Six years ago, a group of companies and investors, governments and civil society groups pledged to halve deforestation by 2020, on the way to ending deforestation by 2030. With deforestation now on the rise in Brazil and across the tropics, it’s clear that the New York Declaration on Forests has failed to achieve this goal.
(Comment: The impact of the extractives sector on forest loss has been largely overlooked, says CDP’s Morgan Gillespy. With the New York Declaration on Forests’ goal of halving deforestation by 2020 in tatters, there’s an urgent need to press laggards for action.)
This lack of progress is even more concerning as it becomes increasingly clear we can’t put a stop to future pandemics or win climate or sustainable development goals if we don’t protect forests.
What is most problematic is that there are new frontiers in forest loss picking up the pace. Most attention has been paid to the role of soft commodities, such as soy and palm oil, in deforestation. As a result, the impact of the mining sector – the fourth-largest driver of forest loss globally – has been consistently overlooked.
With the mining sector, which was relatively unscathed by the coronavirus pandemic, forging ahead with operations in the remote forests of Latin America, south-east Asia and central Africa, it’s time to urgently address the industry’s under-studied impact on forests.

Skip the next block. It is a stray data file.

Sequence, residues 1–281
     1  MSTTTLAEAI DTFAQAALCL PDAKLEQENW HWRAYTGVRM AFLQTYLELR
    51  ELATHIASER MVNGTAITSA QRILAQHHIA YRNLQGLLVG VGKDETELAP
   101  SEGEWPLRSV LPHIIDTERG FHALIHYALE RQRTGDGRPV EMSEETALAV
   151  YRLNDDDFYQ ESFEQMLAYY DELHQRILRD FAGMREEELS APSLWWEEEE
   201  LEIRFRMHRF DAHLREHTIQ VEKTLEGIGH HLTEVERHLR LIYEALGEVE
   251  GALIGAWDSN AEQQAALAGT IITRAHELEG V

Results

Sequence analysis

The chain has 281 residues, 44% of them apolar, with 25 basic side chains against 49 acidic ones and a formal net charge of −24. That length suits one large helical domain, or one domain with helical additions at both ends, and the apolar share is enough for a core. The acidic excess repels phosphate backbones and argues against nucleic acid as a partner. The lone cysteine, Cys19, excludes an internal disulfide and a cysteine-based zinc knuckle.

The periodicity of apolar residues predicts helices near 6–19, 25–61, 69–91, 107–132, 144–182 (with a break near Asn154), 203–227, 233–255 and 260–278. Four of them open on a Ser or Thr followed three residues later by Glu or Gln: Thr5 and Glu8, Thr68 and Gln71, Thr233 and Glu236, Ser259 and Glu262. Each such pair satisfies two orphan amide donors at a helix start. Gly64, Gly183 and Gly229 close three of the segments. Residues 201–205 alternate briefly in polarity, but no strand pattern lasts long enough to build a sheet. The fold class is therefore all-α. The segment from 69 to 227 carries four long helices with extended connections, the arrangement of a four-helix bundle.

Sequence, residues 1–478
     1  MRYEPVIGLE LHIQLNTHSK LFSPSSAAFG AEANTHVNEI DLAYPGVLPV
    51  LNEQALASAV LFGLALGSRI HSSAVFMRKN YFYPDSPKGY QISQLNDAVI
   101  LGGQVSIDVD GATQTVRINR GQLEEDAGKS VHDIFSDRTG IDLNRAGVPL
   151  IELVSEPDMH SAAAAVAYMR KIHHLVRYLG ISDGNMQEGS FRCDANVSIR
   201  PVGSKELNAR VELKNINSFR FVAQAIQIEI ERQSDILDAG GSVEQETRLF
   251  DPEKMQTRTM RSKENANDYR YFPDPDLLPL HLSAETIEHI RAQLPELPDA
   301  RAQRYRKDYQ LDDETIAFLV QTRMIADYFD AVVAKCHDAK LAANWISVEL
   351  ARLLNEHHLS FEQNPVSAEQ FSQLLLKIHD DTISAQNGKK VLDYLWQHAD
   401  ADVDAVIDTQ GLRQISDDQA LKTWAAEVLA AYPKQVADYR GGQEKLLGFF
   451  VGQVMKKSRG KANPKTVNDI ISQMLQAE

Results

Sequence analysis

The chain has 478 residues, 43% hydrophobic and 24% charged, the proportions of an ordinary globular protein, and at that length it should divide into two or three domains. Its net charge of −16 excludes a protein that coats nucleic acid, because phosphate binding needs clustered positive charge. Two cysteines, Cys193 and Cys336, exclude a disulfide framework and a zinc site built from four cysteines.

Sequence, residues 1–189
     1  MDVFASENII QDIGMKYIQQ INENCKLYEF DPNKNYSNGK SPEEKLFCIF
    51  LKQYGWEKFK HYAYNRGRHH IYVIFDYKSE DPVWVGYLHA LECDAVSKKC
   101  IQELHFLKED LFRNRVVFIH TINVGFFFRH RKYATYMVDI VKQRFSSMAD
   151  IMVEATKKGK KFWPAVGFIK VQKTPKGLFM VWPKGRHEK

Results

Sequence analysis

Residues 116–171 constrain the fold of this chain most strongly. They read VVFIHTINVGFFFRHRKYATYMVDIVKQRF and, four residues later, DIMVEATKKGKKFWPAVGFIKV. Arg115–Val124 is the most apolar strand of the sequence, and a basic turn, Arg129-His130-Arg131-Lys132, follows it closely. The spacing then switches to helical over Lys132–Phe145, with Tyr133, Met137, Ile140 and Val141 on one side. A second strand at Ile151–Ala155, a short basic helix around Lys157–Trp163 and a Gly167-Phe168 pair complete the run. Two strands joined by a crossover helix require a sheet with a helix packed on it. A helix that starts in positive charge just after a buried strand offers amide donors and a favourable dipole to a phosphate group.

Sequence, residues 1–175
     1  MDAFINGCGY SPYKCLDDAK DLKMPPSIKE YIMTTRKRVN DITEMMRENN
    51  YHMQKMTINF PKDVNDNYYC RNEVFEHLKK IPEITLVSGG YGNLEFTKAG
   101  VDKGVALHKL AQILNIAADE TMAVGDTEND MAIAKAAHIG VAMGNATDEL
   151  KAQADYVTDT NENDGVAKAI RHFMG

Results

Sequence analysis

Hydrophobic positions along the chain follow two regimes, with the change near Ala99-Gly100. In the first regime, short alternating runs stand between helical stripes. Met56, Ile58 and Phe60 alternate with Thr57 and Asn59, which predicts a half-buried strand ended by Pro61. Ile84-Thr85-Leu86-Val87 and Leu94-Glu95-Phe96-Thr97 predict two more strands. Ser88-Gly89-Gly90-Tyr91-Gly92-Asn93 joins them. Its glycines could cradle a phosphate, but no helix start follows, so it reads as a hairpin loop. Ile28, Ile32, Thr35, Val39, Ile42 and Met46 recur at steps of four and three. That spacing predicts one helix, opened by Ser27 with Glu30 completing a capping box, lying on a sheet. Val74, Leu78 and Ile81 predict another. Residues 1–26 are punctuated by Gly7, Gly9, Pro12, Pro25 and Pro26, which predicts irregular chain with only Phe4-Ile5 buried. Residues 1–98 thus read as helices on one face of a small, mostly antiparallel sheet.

Studies have shown that the worst impacts of mining on forests are not necessarily the extraction of metals, minerals and fossil fuels per se. It’s rather the development of roads and other infrastructure needed to transport the extracted resources for export that can do the most damage as they open access to forests enabling further deforestation. Tellingly, most new deforestation occurs within one kilometre of a road. In Brazil, studies have shown that forest impacts from mining can extend 50 kilometres or more around mine sites.
CDP runs the global disclosure platform for investors, companies, cities, states and regions to manage their environmental impacts. Companies are invited to disclose through the platform on their efforts to measure and manage deforestation risk each year. In 2019, we expanded our focus to include the extractive sector, and asked some 225 metal, mining and coal companies operating in forested areas to report on their actions to measure and manage their impact on forests and biodiversity.